It could mean 'toot' as in 'to toot one's own horn.' Okay, she probably meant 'tool,' that would be a decidely more Randian analogy, but it also could have been the publisher's fault. It's not like they had computers back then.

Overall, I share many of your criticisms of Rand. I have yet to read Atlas Shrugged, but I've read The Fountainhead and Anthem and both were very diffiult to read just because her conclusions so often made me angry. No author has been able to get under my skin the way Rand does. The only reason I haven't gotten to Atlas Shrugged is because I dread the anger it will incite within me.

Yet, I disagree with your notion that hollow but well written passages have literary value. If your goal is to just make something that sounds well when read aloud, poetry's probably a better medium (and restricted to one's own journal). I don't disagree with the way Rand viewed and used literature, I just disagree with her core philosophy. To me, her Objectivism with a capital 'O' is to Nietzsche what Baptists are to the Bible. She takes it literally and then makes a religion out of it. The Fountainhead is filled with paraphrases and allegories taken from Thus Spoke Zarathustra.

Here's a couple of quotes from The Fountainhead that I thought were interesting:

"We live in our minds, and existence is the attempt to bring that life into physical reality, to state it in gesture and form."

". . .[P]erhaps the basic secret scientists have never discovered, the first fount of life, is that which happens when thought takes shape in words."

And here's one I hated (pretty bad to hate a quote so much you write it down):

"One can't love man without hating most of the creatures who pretend to bear his name."

If someone asked me for a definition of evil, the answer could probably best be given by handing them a copy of The Fountainhead.

razorsharp's picture
razorsharp from Ohio is reading Atlas Shrugged December 29, 2011 - 12:16am

Dwayne, I don't understand your comment. You know that Orwell was a socialist, right?

"Every line of serious work that I have written since 1936 has been written, directly or indirectly, against totalitarianism and for democratic Socialism, as I understand it."

"In my opinion, nothing has contributed so much to the corruption of the original idea of socialism as the belief that Russia is a socialist country and that every act of its rulers must be excused, if not imitated."

Sure, 1984 is critical of Soviet Russia and Rand was critical of Soviet Russia, but I think that's about the only thing Orwell and Rand had in common. Rand wasn't just critical of the Soviet version of socialism, she was critical of all forms of socialism or welfare.

JYH's picture
JYH from the place is reading the thing December 29, 2011 - 1:18am

If you want a picture of the future, imagine a boot stamping on a lightbulb -- forever.

Gareth's picture
Gareth from Melbourne is reading Franz Kafka December 29, 2011 - 8:45am

I know very little of Ayn Rand but I can't really agree with what she says here.  By unobjective I think she means self-indulgent.  Some books (not all) that are 'unobjective' or not entirely clear, concise or banal can be, because of this style, very engaging.  

As for Joyce, he certainly made a lot of people think.  It's a balance; no writing works as either completely banal or completely incommunicative.  Only a fool feels that they have to pick one.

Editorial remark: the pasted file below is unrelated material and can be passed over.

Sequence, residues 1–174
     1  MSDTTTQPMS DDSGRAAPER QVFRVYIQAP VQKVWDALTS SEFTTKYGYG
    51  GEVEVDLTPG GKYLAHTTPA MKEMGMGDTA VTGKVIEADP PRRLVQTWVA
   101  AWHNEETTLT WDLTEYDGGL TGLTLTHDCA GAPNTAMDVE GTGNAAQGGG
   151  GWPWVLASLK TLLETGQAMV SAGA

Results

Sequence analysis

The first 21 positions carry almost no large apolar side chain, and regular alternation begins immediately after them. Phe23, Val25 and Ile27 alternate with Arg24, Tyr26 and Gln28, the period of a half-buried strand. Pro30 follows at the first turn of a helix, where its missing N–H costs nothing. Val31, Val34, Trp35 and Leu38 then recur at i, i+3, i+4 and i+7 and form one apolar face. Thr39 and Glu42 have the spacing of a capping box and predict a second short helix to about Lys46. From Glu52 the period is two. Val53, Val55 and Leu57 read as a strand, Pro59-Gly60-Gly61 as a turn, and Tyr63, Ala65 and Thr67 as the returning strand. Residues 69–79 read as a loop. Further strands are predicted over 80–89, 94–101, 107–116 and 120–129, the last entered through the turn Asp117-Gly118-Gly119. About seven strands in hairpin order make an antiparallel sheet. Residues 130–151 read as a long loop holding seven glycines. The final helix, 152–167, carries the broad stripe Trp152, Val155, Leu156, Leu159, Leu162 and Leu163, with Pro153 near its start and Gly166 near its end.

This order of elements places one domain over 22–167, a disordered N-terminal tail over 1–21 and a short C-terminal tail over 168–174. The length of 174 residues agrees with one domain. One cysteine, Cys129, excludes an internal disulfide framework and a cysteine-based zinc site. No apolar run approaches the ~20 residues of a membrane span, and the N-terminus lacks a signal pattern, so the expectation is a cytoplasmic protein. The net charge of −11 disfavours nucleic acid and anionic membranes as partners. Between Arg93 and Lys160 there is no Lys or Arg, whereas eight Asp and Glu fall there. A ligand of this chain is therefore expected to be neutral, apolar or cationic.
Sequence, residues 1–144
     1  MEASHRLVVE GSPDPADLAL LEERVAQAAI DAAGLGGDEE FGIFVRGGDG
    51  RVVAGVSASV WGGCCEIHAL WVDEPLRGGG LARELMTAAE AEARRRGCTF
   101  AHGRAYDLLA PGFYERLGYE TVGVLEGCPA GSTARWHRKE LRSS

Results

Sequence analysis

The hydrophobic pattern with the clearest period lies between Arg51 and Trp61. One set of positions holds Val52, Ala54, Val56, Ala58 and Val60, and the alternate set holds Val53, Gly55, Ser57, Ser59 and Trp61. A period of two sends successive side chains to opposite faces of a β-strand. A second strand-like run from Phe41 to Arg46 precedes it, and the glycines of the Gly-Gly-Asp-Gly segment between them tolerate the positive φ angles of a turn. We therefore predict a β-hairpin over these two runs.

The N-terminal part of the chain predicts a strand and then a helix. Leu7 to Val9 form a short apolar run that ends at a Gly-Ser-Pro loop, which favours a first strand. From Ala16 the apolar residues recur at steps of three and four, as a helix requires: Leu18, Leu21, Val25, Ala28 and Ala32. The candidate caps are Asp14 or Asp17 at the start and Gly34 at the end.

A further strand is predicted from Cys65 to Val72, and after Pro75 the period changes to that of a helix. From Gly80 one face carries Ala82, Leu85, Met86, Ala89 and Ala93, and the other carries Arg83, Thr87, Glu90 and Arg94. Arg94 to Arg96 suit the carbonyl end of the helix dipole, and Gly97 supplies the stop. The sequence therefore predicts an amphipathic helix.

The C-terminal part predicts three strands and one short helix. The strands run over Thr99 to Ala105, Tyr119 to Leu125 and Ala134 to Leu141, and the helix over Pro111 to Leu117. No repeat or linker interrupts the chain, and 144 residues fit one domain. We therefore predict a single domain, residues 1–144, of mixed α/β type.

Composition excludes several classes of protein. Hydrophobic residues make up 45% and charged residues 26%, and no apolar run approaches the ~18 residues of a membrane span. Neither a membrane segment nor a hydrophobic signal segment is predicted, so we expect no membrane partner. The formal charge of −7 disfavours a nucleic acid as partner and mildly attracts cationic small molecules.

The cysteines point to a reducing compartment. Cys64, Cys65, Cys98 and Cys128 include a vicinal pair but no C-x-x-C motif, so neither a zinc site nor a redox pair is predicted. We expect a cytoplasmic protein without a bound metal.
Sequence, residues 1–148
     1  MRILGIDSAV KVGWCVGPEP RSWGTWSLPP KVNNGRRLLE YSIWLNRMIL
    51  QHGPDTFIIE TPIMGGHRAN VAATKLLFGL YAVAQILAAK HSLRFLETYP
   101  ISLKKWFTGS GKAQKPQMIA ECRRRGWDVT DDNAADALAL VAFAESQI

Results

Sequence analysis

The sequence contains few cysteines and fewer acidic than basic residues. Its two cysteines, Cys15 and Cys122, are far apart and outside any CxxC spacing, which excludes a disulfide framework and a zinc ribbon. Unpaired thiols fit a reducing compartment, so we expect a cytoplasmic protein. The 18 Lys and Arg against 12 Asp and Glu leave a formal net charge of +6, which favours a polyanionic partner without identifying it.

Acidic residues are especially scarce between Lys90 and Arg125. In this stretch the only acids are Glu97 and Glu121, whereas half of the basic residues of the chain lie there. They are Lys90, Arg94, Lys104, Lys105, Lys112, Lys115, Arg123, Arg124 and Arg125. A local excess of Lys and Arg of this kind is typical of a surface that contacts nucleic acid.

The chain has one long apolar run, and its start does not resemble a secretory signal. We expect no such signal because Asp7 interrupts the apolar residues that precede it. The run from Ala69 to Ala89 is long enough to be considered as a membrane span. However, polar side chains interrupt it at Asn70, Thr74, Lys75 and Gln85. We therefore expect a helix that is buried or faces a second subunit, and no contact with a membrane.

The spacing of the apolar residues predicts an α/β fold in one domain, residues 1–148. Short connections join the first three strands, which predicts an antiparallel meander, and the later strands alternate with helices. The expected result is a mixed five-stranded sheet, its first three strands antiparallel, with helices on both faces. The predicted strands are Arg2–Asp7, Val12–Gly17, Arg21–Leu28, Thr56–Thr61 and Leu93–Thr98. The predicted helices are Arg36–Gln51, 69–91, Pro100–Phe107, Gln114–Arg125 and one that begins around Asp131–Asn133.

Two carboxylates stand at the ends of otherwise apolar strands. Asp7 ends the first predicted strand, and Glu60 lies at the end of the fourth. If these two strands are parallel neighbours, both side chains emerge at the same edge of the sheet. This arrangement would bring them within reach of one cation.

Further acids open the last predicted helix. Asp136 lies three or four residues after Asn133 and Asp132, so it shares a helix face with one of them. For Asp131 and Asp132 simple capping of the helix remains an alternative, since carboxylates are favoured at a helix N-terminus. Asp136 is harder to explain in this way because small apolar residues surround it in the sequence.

Zelda Zeezeewriter Markowicz's picture
Zelda Zeezeewri... from Chicago is reading Holdays on ice. David Sedaris December 29, 2011 - 12:27pm

"But Ayn Rand does has something to teach us."

 

I read a few of her books in the sixties. I guess I'm surprised that she has reemerged onto the scene with such a vengence.  Ayn was an opinionated broad. I don't have to agree with everything she said or how she said it. 

I read her books to be entertained, not enlighted. At least I made it to the end, unlike so many other books. 

Ayn believed that man is selfish, by nature.  I must agree.  She believed that everything we do is an act of "self-actualization".  Even acts of selflessness reward the doer with a sense of pride and worth.

It's easy to take on other authors, especially when they can no longer defend themselves.

If I were to take-to-task other writers; it is those who use their gift of communication to write books with hidden agendas.  Ayn's agenda was never hidden. You could take it or leave it.

As for her style of writing, who can say?  You like it or you don't.  She sold a boat-load of books.  She must have been doing something right. 

Just my opinion.  I could be wrong.  Zee Zee

Mick Cory's picture
Mick Cory from Kentucky is reading everything you have ever posted online and is frankly shocked you have survived this long December 29, 2011 - 3:23pm

 

   "Ayn believed that man is selfish, by nature."

 

   Hear! Hear!

Dwayne's picture
Dwayne from Lexington, Kentucky is reading books that rotate to often to keep this updated January 11, 2012 - 8:27pm

Both of them wrote about loss of personal freedom.

Dorian Grey's picture
Dorian Grey from Transexual, Transylvania is reading "V." by Thomas Pynchon March 13, 2012 - 12:38am

I think Atlas Shrugged is fairly well written. Sure, the woman was a lunatic in most ways, and her philosophies are considered blasphemous by nearly everyone, but that doesn't mean that everything about it is atrocious.

cdregan's picture
cdregan from outside of Philadelphia is reading The Corrections June 3, 2012 - 3:26pm

Nathaniel Branden wrote an autobiography about his 18-year affair with Ayn Rand. The book portrayed both sides of Objectivism and Rand, and how her philosophies and opinions were incredibly unforgiving. Those opinions also changed, depending on Rand's personal feelings for the person expressing an opinion.